CHARLESTON — Residents and environmental groups sued Carnival Cruise Lines on Monday, alleging the company's vessels docking in this historic city are a public nuisance, amount to illegal hotel operations and that their signature red, white and blue smokestacks violate city sign ordinances.
"We're here today because the cruise industry has set up shop in our neighborhood," said Carrie Agnew, who lives in the Ansonborough neighborhood five blocks from where the Carnival Fantasy will dock 70 times this year.
She said neighbors have been trying for 18 months to get some reasonable controls on the growing cruise industry but "in return, all we have gotten is more soot, more traffic jams, more closed streets and more industrial-sized cruise operations."
The suit was filed in state court by two local neighborhood associations, the Coastal Conservation League and the Preservation Society of Charleston.
It wants a judge to block cruise operations that "constitute a nuisance" and declare illegal the use of the Union Pier area for a terminal. That's where the S.C. State Ports Authority is planning to build a new $25 million terminal to accommodate the city's growing cruise industry.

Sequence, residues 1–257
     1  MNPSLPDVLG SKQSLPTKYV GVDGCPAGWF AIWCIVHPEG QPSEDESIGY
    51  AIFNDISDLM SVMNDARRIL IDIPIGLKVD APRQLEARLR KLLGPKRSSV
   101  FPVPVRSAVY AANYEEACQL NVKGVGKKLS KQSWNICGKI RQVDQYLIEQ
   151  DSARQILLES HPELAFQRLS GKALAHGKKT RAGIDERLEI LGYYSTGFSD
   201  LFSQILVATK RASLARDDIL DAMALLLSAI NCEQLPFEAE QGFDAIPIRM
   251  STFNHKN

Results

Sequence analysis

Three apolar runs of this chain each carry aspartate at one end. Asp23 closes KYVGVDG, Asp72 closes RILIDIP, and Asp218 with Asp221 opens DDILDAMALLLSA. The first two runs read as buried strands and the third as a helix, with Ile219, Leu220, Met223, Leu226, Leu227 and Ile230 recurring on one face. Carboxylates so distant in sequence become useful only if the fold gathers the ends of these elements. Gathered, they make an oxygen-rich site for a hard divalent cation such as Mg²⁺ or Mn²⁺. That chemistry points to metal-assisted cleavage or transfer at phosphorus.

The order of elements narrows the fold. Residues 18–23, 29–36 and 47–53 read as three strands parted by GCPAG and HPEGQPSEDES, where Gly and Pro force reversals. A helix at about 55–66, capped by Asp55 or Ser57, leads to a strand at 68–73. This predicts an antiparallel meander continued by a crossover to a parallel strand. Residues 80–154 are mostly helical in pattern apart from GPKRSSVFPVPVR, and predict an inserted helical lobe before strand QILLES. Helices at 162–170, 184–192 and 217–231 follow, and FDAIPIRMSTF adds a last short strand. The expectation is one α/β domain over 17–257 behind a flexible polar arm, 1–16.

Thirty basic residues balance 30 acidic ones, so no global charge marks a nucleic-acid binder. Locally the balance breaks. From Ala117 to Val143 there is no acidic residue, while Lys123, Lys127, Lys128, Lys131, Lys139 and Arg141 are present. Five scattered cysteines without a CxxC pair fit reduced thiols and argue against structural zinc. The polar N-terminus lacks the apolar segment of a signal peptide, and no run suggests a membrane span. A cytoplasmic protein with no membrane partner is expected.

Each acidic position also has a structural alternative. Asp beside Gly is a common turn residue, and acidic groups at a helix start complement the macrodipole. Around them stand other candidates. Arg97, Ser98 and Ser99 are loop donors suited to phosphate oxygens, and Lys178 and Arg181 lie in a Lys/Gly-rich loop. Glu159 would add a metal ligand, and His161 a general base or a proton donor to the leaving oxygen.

Carnival spokesman Tim Gallagher referred reporters seeking comment to the State Ports Authority.
"The special interests behind this lawsuit are clearly attempting to harass port customers, said Bill Stern, the authority chairman who likened the plaintiffs to a "narrow-minded band of radicals."
He said their goal was to cripple the port system to meet an anti-growth agenda.
"First it's cruise chips, then cargo ships. Next it will be trucks and rails," he warned.
Blan Holman, an attorney for the Southern Environmental Law Center, said the plaintiffs don't oppose the cruise industry. But he said there needs to be reasonable controls as there are on other tourism businesses in the city.
There have been seasonal cruises from Charleston in years past, but things changed a year ago when Carnival permanently based its 2,056-passenger liner Fantasy in Charleston creating a year-round industry.
Tourism means $18.4 billion to South Carolina and a study for the Ports Authority last year found cruises account for about $37 million of that.
The lawsuit claims that the cruise ships amount to putting accommodations in an area of the city not zoned for it. It says the 60-foot-tall cruise ships and their bright smokestacks violate city height ordinances and sign ordinances.
It also alleges the ships bring noise, pollution and large crowds, in violation of city ordinances, and that the Carnival does not have the required state permits to dump waste water into Charleston Harbor.
But Gov. Nikki Haley said Carnival brings business and visitors to Charleston.
"I want to thank Carnival Cruise Lines for its working relationship with the ports and the state of South Carolina - we're lucky to have them," she said.
Agnew said Carnival shouldn't get preferential treatment.
"No one likes to file a lawsuit, but we were given no other choice," said Agnew, a member of the Historic Ansonborough Neighborhood Association. "Charleston residents and businesses all live and thrive under rules and standards. Carnival must do the same."